Beshear Does Major Flip-Flopping On SB 1

A couple days ago I may have mentioned my frustration with the Transforming Education in Kentucky talks. It’s pretty easy to understand why after discovering how deeply involved both Sylvia Lovely and Helen Mountjoy are in the so-called transformation.

But after last night’s forum? I’m struck by just how ridiculous the entire affair was.

Steve Beshear spent plenty of time praising Senate Bill 1:

You may view the entire hour-long program by clicking here.

And that necessitates a trip down the Papaw Beshear wormhole to a time when he and the infamous Helen Mountjoy were trashing SB1 left and right.

Here’s a press release from Wednesday, March 5, 2008:

Governor Beshear Announces Opposition to Senate Bill 1

FRANKFORT, KY (March 5, 2008) – Gov. Steve Beshear today announced his opposition to Senate Bill 1, which would eliminate the Commonwealth Accountability Testing System (CATS) and replace it with multiple choice tests developed for national use.

“Although we’ve made measurable progress in student achievement over the last decade and a half, public education in Kentucky is not yet where it needs to be,” Beshear said. “This bill will not help us get there.”

CATS is considered the heart of the 1990 Kentucky Education Reform Act (KERA) for which Beshear has long been and remains a steadfast supporter. KERA called for increased education funding, more than a dozen new strategies to improve student achievement and an assessment and accountability system to keep progress on track.

“Before KERA our students scored in the bottom two to three states in numerous education measures,” Beshear said. “We are ranked among the middle states in achievement today. But we still have much to do, and it’s not time to get distracted from our goals.”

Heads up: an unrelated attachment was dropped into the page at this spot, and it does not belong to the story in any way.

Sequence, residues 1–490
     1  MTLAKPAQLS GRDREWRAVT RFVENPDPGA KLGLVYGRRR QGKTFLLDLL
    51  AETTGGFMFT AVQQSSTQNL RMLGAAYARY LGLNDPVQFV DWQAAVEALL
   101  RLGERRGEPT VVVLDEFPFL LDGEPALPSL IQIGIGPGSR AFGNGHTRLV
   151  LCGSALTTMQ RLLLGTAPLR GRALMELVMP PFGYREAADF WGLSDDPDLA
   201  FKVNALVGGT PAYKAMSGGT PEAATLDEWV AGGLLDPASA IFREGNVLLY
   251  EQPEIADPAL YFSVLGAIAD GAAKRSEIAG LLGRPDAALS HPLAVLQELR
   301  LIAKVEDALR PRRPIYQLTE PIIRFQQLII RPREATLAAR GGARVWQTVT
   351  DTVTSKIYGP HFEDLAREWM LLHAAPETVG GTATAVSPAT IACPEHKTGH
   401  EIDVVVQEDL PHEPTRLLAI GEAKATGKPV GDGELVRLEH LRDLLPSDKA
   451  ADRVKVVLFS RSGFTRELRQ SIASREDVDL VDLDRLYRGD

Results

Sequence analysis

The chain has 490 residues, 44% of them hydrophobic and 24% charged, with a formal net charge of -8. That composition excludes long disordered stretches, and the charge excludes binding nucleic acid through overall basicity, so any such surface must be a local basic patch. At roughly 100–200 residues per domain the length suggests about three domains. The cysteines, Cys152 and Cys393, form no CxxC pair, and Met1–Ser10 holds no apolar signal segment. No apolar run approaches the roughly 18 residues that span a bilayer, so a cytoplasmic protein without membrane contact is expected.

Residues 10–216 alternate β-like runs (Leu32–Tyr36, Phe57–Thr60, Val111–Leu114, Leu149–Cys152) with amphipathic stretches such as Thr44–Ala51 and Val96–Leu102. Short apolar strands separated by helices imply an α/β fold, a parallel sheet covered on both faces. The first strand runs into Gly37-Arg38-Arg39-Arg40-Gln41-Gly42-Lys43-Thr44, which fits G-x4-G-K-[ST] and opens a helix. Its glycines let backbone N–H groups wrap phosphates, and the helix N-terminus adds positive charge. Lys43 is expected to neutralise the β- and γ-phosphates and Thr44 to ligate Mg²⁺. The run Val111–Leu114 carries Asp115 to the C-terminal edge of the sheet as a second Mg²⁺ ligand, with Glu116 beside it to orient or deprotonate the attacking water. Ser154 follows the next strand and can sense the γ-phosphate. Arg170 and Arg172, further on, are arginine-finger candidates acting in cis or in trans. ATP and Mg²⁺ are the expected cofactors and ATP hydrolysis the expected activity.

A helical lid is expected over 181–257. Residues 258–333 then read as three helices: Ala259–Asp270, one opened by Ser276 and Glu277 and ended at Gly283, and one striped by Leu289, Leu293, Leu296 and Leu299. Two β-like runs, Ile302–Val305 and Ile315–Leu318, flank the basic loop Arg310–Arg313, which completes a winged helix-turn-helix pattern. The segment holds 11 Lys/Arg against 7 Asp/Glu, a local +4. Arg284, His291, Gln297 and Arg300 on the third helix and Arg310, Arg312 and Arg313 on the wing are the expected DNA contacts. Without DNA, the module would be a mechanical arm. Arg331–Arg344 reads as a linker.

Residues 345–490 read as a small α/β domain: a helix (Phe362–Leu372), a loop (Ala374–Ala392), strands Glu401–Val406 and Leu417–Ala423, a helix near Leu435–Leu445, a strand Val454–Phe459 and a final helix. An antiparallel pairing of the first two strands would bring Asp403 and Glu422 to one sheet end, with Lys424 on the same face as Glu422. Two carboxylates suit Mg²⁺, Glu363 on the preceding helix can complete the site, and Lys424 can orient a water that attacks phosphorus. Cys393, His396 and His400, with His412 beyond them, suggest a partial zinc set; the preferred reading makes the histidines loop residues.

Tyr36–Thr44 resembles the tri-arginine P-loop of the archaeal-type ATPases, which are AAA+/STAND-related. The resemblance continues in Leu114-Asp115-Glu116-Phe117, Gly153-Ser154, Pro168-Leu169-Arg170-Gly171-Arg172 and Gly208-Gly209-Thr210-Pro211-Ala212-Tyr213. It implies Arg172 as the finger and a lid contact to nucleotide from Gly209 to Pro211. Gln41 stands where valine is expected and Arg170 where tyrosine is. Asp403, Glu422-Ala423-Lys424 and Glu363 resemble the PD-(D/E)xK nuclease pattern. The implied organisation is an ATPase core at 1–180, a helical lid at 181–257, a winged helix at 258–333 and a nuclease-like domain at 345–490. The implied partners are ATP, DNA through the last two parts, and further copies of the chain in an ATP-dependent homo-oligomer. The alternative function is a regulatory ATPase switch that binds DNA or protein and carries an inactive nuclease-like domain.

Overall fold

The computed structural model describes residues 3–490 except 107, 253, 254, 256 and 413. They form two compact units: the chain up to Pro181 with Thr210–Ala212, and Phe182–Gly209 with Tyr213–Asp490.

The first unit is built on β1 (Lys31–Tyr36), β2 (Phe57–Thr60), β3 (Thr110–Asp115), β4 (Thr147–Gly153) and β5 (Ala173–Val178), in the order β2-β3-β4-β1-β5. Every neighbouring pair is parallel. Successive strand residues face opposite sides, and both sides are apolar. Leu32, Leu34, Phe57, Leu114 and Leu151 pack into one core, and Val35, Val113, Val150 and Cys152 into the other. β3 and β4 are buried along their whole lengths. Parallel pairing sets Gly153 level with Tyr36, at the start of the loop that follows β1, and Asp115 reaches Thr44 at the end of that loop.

Education Secretary Helen Mountjoy agreed.

“Although we have not moved as fast or as far as we would have liked, the fault does not lie with CATS,” Mountjoy said. “It gives us a valid and reliable assessment of where students are today. There is no doubt that the hard work of students, educators, parents, the business community and the General Assembly has led to higher student achievement.”

The governor said he did not see either KERA or CATS as “sacred cows” that could not be improved. KERA has undergone numerous changes since its creation, and its testing system has undergone at least a dozen major alterations in the last five years alone, he said.

But Senate Bill 1 hasn’t even allowed the most recent change, made two years ago, to have an opportunity to prove its worth yet, Beshear said. Nor has the bill undergone rigorous and public analysis.

Such a review would have revealed its flaws, the governor said.

For example, Senate Bill 1:

  • Abandons the KERA notion that all students can and should become proficient. Instead, it relies on off-the-shelf tests designed to measure half the students as “above average” and half as “below average.” Instead of pursuing measurable and identifiable learning and performance standards, students pursue scores to measure against each other.
  • Eliminates test questions requiring students to explain what they know and apply that knowledge to solving problems. Instead, it substitutes multiple choice questions that promote memorizing and guesses.
  • Jeopardizes Kentucky’s compliance with the strict guidelines of the federal No Child Left Behind Act. That risks Kentucky’s Title I allocation at a time when it needs every education dollar it can find.
  • Ignores the professional judgment of Kentucky educators. Currently they determine the state’s Core Content, develop questions for the assessment and score open-response items and writing portfolios that count in the school’s scores. Senate Bill 1 instead relies on an out-of-state test that is not aligned with Kentucky’s curriculum.

Beshear called on legislators to reject the bill.

“And I urge everyone involved in education to redouble our efforts to ensure all Kentucky students – no matter where they live or what school they attend – are given the opportunity to learn the things that will lead to success not only at the next academic level but in their adult lives as well.”


Forgive me for not trusting much of what the governor had to say last night.